The case is representative of the patterns of human rights violations that women face in Mexico. According to the Report Women and Girls without Justice: Reproductive Rights in Mexico, the last official estimate (2013) indicated that the maternal mortality rate (MMR) in the country was 38.2, well above the 22 established by the Millennium Development Goals (MDG) fifteen years ago.

Yucatan is one of the Mexican states with the most alarming numbers. The same estimate indicates that the MMR in this state is 50.8. María Ligia was, furthermore, among the 20% of women who are indigenous language speakers.1

In Mexico, according to secondary analyses of official data, a total of 29,822 women died as a result of maternal causes between 1990 and 2013. In 2008, the MMR in the country was 57.2, in 2010 51.5, in 2012 42.3 and in 2013, the last year of valid official statistics until May 2015, 38.2 maternal deaths for every 100,000 live births were registered. In absolute numbers, in 2013, maternal deaths were 861 compared with 1,119 in 2008. To reach the goal established in the MDGs however, the MMR in 2015 would have to be 22. This commitment, undertaken by Mexico 15 years ago, is a long way from being met.2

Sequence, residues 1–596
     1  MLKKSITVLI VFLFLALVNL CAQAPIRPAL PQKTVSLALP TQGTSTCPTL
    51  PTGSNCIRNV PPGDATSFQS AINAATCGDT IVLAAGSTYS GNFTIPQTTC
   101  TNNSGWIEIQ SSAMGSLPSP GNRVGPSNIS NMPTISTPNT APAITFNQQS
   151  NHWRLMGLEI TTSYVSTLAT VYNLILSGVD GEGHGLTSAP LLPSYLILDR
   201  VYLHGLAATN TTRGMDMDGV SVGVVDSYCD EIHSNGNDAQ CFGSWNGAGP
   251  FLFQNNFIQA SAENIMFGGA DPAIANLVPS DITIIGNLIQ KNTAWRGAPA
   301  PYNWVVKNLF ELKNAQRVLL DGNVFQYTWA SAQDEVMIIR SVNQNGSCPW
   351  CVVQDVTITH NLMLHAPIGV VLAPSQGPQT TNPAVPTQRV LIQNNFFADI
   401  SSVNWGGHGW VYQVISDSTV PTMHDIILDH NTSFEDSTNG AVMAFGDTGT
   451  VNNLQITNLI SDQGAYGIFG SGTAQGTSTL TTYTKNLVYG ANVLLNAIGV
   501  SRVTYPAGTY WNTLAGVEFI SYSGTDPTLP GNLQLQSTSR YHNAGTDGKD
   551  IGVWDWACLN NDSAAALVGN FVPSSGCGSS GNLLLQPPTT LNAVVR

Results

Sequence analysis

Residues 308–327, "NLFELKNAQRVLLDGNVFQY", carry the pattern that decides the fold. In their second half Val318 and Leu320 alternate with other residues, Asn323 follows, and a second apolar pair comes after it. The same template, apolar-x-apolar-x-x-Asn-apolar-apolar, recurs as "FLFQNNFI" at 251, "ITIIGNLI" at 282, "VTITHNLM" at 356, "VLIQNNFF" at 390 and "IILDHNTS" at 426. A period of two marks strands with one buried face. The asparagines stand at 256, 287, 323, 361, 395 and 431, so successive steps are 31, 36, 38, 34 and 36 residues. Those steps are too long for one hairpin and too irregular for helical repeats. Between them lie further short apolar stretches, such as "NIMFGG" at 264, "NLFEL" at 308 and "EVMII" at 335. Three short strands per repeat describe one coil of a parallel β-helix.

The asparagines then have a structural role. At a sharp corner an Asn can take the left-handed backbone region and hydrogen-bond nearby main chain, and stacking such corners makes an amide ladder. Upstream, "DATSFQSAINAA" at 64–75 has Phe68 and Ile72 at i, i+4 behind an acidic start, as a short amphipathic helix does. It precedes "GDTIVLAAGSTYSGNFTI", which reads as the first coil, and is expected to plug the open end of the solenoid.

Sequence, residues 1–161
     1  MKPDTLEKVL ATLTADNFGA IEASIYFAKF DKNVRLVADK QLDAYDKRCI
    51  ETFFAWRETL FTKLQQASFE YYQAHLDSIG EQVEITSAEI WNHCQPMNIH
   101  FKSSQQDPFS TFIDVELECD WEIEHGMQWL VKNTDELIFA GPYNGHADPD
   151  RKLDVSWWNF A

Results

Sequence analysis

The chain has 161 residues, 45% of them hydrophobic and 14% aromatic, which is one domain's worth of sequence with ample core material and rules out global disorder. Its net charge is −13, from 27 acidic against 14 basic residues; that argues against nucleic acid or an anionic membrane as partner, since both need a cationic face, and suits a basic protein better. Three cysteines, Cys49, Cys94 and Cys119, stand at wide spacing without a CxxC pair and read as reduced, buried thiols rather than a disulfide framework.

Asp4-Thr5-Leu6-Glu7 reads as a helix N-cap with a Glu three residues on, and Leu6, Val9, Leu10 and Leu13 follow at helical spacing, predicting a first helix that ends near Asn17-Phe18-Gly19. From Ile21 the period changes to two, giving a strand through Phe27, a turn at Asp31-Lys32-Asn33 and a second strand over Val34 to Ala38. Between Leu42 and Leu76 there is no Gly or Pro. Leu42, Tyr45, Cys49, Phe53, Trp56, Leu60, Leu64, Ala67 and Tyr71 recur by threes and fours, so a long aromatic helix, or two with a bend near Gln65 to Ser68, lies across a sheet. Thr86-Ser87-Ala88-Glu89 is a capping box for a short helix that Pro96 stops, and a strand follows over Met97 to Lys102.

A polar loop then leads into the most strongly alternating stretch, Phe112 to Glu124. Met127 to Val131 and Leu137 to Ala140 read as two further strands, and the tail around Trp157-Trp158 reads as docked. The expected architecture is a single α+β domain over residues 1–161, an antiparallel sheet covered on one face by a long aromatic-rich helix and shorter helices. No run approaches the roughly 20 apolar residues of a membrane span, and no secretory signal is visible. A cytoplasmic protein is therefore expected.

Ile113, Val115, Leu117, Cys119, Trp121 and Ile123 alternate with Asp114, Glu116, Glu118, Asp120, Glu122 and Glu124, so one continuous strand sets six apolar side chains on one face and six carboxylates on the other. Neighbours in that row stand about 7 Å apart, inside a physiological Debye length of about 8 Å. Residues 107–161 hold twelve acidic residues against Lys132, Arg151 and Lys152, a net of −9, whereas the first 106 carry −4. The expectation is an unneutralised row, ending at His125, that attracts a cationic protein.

The report Women and Girls without Justice: Reproductive Rights in Mexico states that abortion, still criminalized in most of the country, continues to be the fourth leading cause of maternal mortality in Mexico: between 1990 and 2013 it caused 2,186 deaths. Thus, on average, slightly more than 7.3% of all maternal deaths over the last two decades are linked to unsafe abortions.